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Robust dynamics of Amazon dieback to climate change with perturbed ecosystem model parameters

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http://pubman.mpdl.mpg.de/cone/persons/resource/persons62612

Zaehle,  Sönke
Terrestrial Biosphere Modelling , Dr. Sönke Zähle, Department Biogeochemical Integration, Prof. Dr. Martin Heimann, Max Planck Institute for Biogeochemistry, Max Planck Society;

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Citation

Poulter, B., Hattermann, F., Hawkins, E., Zaehle, S., Sitch, S., Restrepo-Coupe, N., et al. (2010). Robust dynamics of Amazon dieback to climate change with perturbed ecosystem model parameters. Global Change Biology, 16(9), 2476-2495. doi:10.1111/j.1365-2486.2009.02157.x.


Cite as: http://hdl.handle.net/11858/00-001M-0000-000E-DA7A-F
Abstract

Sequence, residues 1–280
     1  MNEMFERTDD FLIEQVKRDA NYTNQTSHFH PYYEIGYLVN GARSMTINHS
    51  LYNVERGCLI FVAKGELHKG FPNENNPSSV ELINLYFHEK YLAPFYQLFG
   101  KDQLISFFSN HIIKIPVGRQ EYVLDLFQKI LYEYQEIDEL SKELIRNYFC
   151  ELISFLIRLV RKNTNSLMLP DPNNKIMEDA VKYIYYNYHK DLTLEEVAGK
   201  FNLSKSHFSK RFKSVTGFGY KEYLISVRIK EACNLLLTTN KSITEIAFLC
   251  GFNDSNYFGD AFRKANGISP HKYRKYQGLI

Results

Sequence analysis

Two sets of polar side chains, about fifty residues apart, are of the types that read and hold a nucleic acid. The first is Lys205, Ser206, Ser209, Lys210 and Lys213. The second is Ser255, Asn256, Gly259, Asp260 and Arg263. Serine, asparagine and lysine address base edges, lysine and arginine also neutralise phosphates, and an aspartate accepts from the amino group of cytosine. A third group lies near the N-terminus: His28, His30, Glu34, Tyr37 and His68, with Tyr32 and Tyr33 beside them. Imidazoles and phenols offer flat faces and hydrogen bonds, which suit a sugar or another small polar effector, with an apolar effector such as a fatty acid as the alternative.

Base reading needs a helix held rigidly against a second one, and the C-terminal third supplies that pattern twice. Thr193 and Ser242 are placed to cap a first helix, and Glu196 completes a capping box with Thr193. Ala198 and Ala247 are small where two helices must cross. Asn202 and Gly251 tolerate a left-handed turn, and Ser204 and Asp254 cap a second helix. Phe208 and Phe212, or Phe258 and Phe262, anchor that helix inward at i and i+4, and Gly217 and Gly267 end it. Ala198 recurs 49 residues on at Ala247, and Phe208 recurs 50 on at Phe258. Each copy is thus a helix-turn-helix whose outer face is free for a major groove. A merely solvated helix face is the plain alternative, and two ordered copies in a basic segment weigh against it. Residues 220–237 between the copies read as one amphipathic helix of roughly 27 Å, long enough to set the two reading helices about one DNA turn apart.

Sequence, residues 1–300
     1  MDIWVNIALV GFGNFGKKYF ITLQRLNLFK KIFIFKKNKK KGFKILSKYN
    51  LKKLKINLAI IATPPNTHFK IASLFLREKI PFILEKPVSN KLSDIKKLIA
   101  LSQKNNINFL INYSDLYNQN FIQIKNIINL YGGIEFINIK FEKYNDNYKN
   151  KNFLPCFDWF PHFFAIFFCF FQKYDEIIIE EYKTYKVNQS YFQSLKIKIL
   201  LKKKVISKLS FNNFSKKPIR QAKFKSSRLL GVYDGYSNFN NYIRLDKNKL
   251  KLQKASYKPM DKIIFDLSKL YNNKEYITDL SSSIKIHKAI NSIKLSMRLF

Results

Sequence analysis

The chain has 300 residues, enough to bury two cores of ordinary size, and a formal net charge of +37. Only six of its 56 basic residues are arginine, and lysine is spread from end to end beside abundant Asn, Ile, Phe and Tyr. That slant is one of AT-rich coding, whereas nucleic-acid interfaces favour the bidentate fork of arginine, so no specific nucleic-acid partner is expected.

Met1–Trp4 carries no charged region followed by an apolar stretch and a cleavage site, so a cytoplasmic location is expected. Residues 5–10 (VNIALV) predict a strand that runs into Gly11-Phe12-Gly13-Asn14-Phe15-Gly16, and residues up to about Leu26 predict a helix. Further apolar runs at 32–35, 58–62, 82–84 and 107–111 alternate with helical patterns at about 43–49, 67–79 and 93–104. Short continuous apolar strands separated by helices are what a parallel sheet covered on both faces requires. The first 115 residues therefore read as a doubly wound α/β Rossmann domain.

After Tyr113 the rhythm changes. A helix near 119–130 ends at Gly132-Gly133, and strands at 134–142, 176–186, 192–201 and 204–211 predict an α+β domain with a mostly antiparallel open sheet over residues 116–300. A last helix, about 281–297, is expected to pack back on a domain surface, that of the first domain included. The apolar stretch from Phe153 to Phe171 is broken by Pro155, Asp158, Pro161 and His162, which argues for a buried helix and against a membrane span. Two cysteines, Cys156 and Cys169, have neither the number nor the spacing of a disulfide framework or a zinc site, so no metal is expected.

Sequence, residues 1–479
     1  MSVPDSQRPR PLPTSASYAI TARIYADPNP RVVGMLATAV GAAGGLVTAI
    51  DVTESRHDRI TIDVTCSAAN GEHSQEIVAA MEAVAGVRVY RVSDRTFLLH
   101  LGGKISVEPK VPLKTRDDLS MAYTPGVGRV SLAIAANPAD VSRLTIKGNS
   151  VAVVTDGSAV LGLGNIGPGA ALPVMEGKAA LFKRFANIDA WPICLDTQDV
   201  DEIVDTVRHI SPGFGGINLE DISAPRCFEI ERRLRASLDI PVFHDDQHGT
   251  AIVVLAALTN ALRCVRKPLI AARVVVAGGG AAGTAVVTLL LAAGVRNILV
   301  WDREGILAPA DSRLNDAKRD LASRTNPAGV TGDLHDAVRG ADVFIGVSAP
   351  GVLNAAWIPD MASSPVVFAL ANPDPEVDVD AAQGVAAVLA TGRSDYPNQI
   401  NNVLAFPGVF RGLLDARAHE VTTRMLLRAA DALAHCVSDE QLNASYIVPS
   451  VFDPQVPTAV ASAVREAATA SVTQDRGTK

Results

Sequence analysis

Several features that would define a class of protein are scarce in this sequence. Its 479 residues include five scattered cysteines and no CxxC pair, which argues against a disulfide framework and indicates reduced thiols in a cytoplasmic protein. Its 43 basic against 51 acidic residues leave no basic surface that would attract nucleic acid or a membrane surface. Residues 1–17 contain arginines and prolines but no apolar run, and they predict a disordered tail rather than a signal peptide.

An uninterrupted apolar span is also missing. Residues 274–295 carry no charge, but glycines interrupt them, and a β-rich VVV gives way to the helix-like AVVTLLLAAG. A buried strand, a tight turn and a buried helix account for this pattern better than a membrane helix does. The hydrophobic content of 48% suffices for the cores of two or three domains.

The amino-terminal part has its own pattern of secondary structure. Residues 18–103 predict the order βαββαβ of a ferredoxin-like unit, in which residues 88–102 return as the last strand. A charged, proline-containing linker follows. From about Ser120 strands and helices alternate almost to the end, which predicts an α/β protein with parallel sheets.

Abstract Climate change science is increasingly concerned with methods for managing and integrating sources of uncertainty from emission storylines, climate model projections, and ecosystem model parameterizations. In tropical ecosystems, regional climate projections and modeled ecosystem responses vary greatly, leading to a significant source of uncertainty in global biogeochemical accounting and possible future climate feedbacks. Here, we combine an ensemble of IPCC-AR4 climate change projections for the Amazon Basin (eight general circulation models) with alternative ecosystem parameter sets for the dynamic global vegetation model, LPJmL. We evaluate LPJmL simulations of carbon stocks and fluxes against flux tower and aboveground biomass datasets for individual sites and the entire basin. Variability in LPJmL model sensitivity to future climate change is primarily related to light and water limitations through biochemical and water-balance-related parameters. Temperature-dependent parameters related to plant respiration and photosynthesis appear to be less important than vegetation dynamics (and their parameters) for determining the magnitude of ecosystem response to climate change. Variance partitioning approaches reveal that relationships between uncertainty from ecosystem dynamics and climate projections are dependent on geographic location and the targeted ecosystem process. Parameter uncertainty from the LPJmL model does not affect the trajectory of ecosystem response for a given climate change scenario and the primary source of uncertainty for Amazon ‘dieback’ results from the uncertainty among climate projections. Our approach for describing uncertainty is applicable for informing and prioritizing policy options related to mitigation and adaptation where long-term investments are required.